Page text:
There’s a reason why most fairy tales and romantic comedies end with a first kiss, a proposal, or even a wedding. Falling in love is easy. It’s staying in love that can be the challenge. With that said, you can build long-term happiness and stability in your relationship with the proper tools.

So, how can you keep your romance going strong, long after the credits roll?

In his most recent book, What Makes Love Last? How to Build Trust and Avoid BetrayalDr. John Gottman says it’s possible to predict whether a relationship will succeed or end in the heartbreak of infidelity. But it’s not all doom and gloom: with the right tools, he says, you can make sure your fairy tale is one of the happily ever afters.

Once the hormonally driven “falling in love” phase is over and couples move into the next phase of settling down, the big question becomes, “Can I trust you?”

At this point, Gottman explains, you are likely to start wondering:

  • “Do I come first?” 
  • “Am I more important than your friends?” 
  • “Am I more important than your mother?” 
  • “Can I trust you to really work for our family, to be faithful to me, to keep finding me attractive?” 

As these questions come up, you begin to either build loyalty in your relationship, or what he calls a “Metric of Betrayal.”

“You have to feel that your partner has your best interests at heart,” Gottman says. And your partner has to feel that way about you.

“Even before there’s any actual betrayal,” he explains, “you start acting in a way that creates betrayal.” Those actions, he says, involve comparing what you’re getting to what you think you could get. “If you get into a habit where you start thinking you could do better, where you can imagine a better partner,” says Gottman, “those negative comparisons lead you to nurture resentment about what is not there.” The seeds are then planted for eventual discord, distrust, and betrayal.

Alternatively, he says, you can act in a way that creates loyalty. “Loyalty is about nurturing gratitude for what you have,” says Gottman. The key, he says, is cherishing your partner, “which involves both people making a conscious decision to minimize their partner’s negative qualities and maximize the positive qualities. Masters of relationships have a way of scanning their environment to catch their partner doing something right.” If you want to create trust, you must start with the basic building blocks, and you must build bridges.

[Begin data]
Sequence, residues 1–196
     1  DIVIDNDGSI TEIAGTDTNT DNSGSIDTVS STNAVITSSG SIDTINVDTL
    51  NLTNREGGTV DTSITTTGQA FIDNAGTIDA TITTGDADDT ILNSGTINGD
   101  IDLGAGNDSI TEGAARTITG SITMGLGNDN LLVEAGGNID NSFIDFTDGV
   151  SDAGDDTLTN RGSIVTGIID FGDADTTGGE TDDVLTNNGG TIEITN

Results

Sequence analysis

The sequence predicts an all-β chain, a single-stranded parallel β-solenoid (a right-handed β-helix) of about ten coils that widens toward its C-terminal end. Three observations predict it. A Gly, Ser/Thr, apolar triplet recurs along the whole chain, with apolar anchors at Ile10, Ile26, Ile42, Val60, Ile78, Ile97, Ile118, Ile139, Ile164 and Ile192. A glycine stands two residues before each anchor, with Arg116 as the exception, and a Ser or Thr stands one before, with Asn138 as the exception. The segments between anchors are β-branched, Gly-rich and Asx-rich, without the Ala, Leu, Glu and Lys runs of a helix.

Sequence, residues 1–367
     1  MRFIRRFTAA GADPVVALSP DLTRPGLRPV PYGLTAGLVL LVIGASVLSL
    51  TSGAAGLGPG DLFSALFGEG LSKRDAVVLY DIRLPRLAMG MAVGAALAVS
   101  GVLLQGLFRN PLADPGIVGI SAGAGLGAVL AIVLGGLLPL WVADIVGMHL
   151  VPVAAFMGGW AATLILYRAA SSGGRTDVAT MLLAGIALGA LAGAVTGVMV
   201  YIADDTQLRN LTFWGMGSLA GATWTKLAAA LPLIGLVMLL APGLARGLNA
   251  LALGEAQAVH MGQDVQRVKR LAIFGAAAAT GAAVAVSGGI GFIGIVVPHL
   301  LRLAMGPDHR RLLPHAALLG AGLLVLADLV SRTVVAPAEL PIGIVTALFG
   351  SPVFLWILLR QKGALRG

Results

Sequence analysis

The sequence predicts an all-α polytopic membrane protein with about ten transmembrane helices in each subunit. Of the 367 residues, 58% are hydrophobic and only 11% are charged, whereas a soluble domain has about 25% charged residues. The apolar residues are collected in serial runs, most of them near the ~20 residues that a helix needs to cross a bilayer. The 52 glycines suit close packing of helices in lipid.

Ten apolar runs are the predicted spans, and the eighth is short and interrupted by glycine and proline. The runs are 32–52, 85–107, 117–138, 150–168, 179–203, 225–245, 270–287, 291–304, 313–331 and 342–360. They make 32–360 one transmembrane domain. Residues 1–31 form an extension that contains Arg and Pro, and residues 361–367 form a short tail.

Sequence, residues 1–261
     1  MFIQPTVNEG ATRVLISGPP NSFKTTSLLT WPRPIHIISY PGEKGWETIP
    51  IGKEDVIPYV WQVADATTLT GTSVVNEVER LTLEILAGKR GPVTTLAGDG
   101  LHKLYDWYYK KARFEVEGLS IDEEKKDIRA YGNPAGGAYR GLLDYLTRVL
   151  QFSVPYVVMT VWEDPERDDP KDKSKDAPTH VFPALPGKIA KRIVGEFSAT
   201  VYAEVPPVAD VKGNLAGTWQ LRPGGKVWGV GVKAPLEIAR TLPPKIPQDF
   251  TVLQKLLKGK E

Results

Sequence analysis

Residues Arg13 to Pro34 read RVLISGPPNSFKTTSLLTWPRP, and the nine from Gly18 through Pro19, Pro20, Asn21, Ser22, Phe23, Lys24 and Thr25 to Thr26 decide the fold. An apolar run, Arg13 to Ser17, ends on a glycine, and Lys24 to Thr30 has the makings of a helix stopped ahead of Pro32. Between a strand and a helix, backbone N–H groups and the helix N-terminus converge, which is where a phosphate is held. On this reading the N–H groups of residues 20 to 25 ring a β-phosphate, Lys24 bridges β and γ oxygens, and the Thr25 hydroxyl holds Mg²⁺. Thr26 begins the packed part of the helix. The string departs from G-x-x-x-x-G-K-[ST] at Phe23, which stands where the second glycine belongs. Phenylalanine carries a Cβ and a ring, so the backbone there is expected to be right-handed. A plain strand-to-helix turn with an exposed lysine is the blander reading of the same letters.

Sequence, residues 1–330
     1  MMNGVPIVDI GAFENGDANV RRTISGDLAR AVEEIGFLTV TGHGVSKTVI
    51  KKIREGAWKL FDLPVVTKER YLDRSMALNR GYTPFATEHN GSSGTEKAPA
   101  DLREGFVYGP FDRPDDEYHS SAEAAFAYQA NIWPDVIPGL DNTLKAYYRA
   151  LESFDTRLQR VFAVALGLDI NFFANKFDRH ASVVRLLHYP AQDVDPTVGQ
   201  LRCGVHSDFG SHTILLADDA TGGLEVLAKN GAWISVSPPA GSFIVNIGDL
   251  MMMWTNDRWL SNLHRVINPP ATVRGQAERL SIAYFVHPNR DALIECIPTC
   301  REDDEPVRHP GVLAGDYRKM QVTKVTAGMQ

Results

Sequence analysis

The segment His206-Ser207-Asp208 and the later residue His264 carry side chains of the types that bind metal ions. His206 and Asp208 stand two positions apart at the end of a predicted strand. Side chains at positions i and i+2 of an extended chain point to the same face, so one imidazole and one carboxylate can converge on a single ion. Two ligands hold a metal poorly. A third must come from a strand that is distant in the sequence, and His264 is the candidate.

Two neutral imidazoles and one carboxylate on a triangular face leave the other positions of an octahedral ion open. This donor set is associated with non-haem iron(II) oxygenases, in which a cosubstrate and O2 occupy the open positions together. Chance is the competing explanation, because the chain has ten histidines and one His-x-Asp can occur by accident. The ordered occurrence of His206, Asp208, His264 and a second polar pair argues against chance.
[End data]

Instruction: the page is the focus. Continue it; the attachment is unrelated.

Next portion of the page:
How can you work on building loyalty and trust in your own relationship? Dr. Gottman offers these tips:

1. It’s the “very small moments” that are important. Find little moments throughout the day to think about what it is you love, respect, and honor about your mate. Devote some effort to nurturing that way of thinking.

2. Share those feelings with your partner! Take the opportunity to show your partner affection, and take advantage of sliding door moments. “Let them know how great they look this morning,” says Gottman. Express how much you appreciate the effort they put into running an errand for you, or something you love about them. “Cherishing becomes a ritual of connection in your relationship.”

3. If you have doubts or concerns, bring them up! “Don’t avoid dealing with feeling lonely, or like you’re not as attractive to them as you used to be,” says Gottman. Talk about it so you can resolve the issues.

4. Reframe. If you have a complaint about your partner, pause for a moment to think about where they might be coming from. If, say, they can get a little controlling, maybe it will help you to remember that they’re also very supportive and protective of you. If it’s a constant issue, then it’s something you need to talk about with them — maybe they don’t know they’re doing it.

Of course, sometimes they’re just not the right partner for you. “You can’t build trust with just anybody,” says Gottman. “When you bring up an issue with your mate, they should be open to working on it, which, in turns, helps build even more trust. It’s a real active process, it’s a mental and emotional process, where you are both thinking how lucky you are to have each other.”

Note: Here’s something for our clinicians, and those of you who’d like to get your hands on the science behind these tips!


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Desire in a Long Term Relationship: Part III

Ellie Lisitsa is a staff writer at The Gottman Institute and a regular contributor to The Gottman Relationship Blog. Ellie is pursuing her B.A. in Psychology with an emphasis on Cognitive Dissonance at Reed College in Portland, Oregon.